A Shell gas station on Rockville Pike Credit: Google Street View

For the third year in a row, state Sen. Cheryl Kagan is attempting to get the state legislature to pass a bill that would require gas stations to clearly display the highest price for a gallon of fuel, which is often the price for customers who use a credit card.

The “Gas Price Clarity Act” is scheduled for a Friday hearing in the senate Finance Committee, where it has previously died.

Under current law, gas stations must only display the lower rate, usually the cash price, according to the state comptroller’s office.

Kagan’s office estimates that three-quarters of consumers use a credit card when filling up the tank. Gas prices are regulated by the state comptroller’s office.

“Drivers feel ripped-off when the price they are charged is higher than the price they saw when pulling up to a pump,” Kagan, who represents parts of Rockville and Gaithersburg, wrote in a news release. “This bill will put an end to this ‘bait and switch’ deception while having no impact on gas station owners who are already advertising honestly.

Kagan said that she felt optimistic her bill would pass this year because of a new crop of 18 senators who were elected last fall.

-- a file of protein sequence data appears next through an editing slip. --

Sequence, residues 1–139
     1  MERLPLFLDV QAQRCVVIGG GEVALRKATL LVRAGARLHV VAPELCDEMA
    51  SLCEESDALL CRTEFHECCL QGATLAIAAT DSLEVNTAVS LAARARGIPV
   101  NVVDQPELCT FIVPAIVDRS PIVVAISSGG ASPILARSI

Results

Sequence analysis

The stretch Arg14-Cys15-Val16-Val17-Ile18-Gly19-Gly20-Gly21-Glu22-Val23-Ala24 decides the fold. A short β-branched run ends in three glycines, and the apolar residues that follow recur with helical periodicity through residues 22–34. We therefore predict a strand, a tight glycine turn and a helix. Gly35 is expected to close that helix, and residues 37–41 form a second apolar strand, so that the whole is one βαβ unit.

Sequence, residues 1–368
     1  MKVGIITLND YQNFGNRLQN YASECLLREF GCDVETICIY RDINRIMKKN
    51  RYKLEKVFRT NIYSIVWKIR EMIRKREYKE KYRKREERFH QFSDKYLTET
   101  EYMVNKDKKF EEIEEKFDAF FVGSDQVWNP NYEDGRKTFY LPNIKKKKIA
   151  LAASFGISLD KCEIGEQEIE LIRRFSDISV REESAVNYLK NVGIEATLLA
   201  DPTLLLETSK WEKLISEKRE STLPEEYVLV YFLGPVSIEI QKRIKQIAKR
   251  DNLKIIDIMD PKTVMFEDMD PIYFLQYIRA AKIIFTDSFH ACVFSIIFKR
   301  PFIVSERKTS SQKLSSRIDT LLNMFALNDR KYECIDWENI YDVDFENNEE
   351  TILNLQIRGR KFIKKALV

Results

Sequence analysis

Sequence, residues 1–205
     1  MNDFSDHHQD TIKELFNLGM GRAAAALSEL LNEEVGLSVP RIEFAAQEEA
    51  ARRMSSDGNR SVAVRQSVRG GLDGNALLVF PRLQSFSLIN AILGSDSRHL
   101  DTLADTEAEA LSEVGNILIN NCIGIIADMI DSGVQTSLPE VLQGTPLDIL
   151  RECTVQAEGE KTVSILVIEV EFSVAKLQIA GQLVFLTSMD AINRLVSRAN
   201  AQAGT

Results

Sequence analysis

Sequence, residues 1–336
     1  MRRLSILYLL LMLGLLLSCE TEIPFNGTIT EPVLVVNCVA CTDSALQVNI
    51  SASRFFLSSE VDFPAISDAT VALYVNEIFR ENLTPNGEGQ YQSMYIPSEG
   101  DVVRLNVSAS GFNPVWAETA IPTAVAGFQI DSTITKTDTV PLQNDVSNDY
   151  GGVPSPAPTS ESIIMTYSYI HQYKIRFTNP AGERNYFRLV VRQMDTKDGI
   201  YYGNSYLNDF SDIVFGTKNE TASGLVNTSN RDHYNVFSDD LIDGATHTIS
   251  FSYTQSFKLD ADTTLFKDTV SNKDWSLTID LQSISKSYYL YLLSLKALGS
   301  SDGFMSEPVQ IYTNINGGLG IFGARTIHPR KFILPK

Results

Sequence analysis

“There is a more progressive and more consumer-oriented bunch of senators now,” she said. “Sometimes with having a new chair and a new vice chair, things change.”

Kagan said Maryland is one of about 10 states that allow gas stations to charge a separate cash and credit price, and while she doesn’t object to that practice, she has an issue with the “bait and switch” tactic she said gas stations employ by more prominently displaying the cash price.

Motorists’ frustration with seeing a different price than they pay at the pump is common with her constituents, she said.


“When you’re at a town hall meeting, everyone gets it,” she said.

Kagan’s bill has received an endorsement from Attorney General Brian Frosh, as well as Eric Friedman, the director of the Montgomery County Office of Consumer Protection.

“What you want to make sure of is if there are three gas stations on the same corner, that they’re all advertising the same way and no one’s being fooled,” Friedman said. “This is designed to keep things from being misleading.”.


Friedman, whose office handles other consumer aspects of gas stations in the county such as licensing auto repair shops, said customers shouldn’t have to “worry about reading the fine print,” when they get gas.

The credit card price, he said, is typically higher than the cash price because the merchant must pay a processing fee.

Dan Schere can be reached at Daniel.schere@bethesdda-remix.newspackstaging.com